Tomé Art Gallery’s first spring Kitchen Show

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Not so long ago the mugs we drank from, the plates we ate from, the aprons we wore to cook in and the dishes we used to serve from were all made by human hands.

Ungelbah Danile-Davila-News-Bulletin photo: Potter and member of the Tomé Art Gallery Jan Pacifico will display her collection of unique handmade kitchenware at the Kitchen Show April 12 to May 12 along with several other artists.

Hand-formed ceramic kitchenware or hand-sewn aprons and table cloths were the norm before the advent of big box stores and imported goods.

And from Friday, April 12, to Sunday, May 12, many such items will be found at the Tomé Art Gallery for their first spring Kitchen Show.

Jan Pacifico, an artist at the co-operative gallery, said the gallery typically has a pottery show during the spring, but decided to expand it this year and bring in “other mediums,” such as aprons, pot holders, washcloths and table cloths.

The show is intended to be a precursor to Mother’s Day and will offer up a large collection of one-of-a-kind gifts for men, women, mother and fathers alike — anyone who enjoys cooking or a steaming cup of morning coffee.

“If you feel a handmade mug in your hand, it’s so much nicer than a commercially made cup,” says Pacifico, a potter. “It’s always nice to have practical things that are also artistic and beautiful.”

And a bonus is knowing that the materials used to make any of the kitchenware at Tomé Art Gallery are non-toxic, while still being dishwasher and microwave safe, says Pacifico.

Heidi Snell, another potter at the gallery, said that by simply swapping out a commercially made mug with a unique handcrafted one, something as simple as having a cup of tea can become a ritual.

“It feels nice to use real stuff,” Snell said. “When you buy something special for someone, you think of the gift giver when you use it.”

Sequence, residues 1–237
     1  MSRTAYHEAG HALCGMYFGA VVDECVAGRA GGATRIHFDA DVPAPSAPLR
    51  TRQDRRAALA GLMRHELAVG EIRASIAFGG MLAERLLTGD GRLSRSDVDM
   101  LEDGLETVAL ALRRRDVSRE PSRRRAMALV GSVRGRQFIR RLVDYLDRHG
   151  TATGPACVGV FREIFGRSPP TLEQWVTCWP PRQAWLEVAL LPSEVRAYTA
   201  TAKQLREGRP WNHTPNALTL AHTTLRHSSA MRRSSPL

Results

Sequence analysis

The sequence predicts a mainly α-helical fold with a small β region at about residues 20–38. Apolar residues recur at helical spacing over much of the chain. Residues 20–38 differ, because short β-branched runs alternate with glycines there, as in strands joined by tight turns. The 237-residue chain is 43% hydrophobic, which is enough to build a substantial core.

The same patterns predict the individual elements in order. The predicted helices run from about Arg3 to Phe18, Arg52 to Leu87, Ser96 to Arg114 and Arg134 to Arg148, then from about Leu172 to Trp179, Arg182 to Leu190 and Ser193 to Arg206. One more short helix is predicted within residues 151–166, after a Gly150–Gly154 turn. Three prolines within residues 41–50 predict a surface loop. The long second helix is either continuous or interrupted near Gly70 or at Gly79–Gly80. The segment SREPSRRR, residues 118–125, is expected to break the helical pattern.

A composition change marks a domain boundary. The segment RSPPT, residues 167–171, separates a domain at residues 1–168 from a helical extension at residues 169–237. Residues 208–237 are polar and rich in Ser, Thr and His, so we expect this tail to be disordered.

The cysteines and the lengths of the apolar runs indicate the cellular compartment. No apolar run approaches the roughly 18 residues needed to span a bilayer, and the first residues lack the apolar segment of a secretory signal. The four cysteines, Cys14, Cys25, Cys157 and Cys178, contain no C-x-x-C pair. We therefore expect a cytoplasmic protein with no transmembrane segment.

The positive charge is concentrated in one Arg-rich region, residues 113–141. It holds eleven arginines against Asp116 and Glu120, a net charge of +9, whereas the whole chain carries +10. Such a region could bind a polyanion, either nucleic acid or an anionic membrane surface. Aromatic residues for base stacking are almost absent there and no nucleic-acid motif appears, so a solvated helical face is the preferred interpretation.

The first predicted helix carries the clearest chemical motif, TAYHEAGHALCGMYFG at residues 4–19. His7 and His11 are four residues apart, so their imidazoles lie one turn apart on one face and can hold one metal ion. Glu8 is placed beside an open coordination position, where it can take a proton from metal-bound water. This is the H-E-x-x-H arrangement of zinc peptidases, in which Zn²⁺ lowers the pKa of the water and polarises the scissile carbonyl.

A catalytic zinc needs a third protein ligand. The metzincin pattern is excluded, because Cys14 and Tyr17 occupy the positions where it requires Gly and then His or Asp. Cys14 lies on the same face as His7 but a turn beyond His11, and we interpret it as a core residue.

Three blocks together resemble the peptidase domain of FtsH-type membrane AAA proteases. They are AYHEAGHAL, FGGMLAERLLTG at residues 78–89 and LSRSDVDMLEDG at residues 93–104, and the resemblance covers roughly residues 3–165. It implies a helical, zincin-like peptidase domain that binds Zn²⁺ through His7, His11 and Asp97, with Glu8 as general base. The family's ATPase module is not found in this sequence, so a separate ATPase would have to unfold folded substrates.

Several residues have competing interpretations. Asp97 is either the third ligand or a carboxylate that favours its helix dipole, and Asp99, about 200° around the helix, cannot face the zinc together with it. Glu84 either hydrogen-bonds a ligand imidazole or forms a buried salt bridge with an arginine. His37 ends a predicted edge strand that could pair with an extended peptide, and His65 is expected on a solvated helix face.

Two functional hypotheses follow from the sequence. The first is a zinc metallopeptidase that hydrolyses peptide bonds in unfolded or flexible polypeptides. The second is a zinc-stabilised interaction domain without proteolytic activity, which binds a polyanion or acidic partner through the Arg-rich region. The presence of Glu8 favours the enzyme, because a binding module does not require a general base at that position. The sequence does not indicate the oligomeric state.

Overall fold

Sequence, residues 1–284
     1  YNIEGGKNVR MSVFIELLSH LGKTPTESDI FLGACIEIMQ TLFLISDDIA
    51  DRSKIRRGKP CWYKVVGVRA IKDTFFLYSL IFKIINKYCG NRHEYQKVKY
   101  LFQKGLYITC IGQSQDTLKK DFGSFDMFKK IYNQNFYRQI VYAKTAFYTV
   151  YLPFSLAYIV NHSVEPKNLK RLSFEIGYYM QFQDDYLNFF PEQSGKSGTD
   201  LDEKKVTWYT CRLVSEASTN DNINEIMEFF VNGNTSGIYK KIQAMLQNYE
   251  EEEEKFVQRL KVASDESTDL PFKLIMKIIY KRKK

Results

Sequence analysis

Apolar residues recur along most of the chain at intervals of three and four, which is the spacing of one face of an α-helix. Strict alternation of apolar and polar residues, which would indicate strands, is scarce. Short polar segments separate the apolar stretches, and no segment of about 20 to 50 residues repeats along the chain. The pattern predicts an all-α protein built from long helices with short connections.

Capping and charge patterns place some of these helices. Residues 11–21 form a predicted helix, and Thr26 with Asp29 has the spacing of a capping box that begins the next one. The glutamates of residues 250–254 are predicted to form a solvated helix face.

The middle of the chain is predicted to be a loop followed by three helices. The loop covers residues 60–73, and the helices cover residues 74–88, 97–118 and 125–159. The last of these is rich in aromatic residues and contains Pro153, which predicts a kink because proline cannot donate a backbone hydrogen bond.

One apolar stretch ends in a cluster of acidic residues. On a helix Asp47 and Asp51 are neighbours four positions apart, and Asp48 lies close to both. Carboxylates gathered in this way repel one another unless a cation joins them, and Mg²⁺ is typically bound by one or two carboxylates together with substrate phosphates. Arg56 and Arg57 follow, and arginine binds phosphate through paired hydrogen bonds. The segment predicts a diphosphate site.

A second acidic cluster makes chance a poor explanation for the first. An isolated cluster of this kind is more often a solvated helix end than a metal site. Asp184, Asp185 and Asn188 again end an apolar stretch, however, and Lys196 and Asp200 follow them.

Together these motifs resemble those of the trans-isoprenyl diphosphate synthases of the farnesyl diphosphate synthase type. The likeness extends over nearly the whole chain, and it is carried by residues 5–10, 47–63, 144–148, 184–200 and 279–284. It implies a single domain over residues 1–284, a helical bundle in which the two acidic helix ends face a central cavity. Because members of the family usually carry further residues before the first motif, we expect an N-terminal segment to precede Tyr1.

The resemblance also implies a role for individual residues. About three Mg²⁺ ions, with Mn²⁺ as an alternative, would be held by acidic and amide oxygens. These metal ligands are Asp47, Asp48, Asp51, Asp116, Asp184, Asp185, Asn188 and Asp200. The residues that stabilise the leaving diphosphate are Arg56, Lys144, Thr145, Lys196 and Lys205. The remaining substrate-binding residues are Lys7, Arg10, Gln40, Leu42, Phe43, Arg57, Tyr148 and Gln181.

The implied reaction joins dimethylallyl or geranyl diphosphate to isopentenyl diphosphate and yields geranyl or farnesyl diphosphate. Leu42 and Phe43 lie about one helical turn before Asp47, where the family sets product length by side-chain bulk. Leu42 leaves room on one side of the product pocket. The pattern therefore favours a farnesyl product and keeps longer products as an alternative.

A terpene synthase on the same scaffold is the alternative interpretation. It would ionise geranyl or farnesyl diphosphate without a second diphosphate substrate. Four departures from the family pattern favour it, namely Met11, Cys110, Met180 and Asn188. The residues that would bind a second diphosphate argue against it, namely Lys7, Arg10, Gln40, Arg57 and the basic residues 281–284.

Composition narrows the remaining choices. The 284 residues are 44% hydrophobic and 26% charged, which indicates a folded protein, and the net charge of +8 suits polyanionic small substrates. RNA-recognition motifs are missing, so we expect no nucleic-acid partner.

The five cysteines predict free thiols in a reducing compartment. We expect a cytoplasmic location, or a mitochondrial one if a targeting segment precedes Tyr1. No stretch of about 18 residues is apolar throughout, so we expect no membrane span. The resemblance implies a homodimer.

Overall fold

The Kitchen Show will have an opening with an artists reception from 2-4 p.m., Sunday, April 14. Guests will be treated to homemade foods cooked in the artists’ own wares, including a legendary quiche cooked to perfection in a Pacifico quiche dishes, and a casserole created in a Chris Lunsford casserole dish, which he says holds the heat excellently.

Other artists exhibiting in the Kitchen Show will be potters Linda Apton and Dora Hernandez; Debbie Christensen, with pot holders; Deb Schwartz, with aporns; and Toni Edwards with ceramics, washcloths and tablecloths.

There will also be a book signing by local authors Marty Dorsey and Naomi Clay Horse. Doresy is the author of “Grandmother and Spidar,” a children’s book. Clay Horse published her book, “I Killed Mom…Again,” in October 2012 and said it is an human interest story of a senior daughter care taking a senior mother.

Pacifico said the Kitchen Show will have everyday art available for purchase that can’t be found anywhere else, such as garlic roasters, batter bowls with handles and spouts to whisk batter or eggs in and personal-sized quiche dishes and little cups that you can hang by your sink to put your rings in for safe keeping while you wash the dishes.

Pacifico and Snell say the art of making kitchen items helps carry on a tradition that has been practiced through the ages.

Tomé Art Gallery is located at 2930 N.M. 47. For information on the Kitchen Show, contact Pacifico at 866-0582.


-- Email the author at udavila@news-bulletin.com.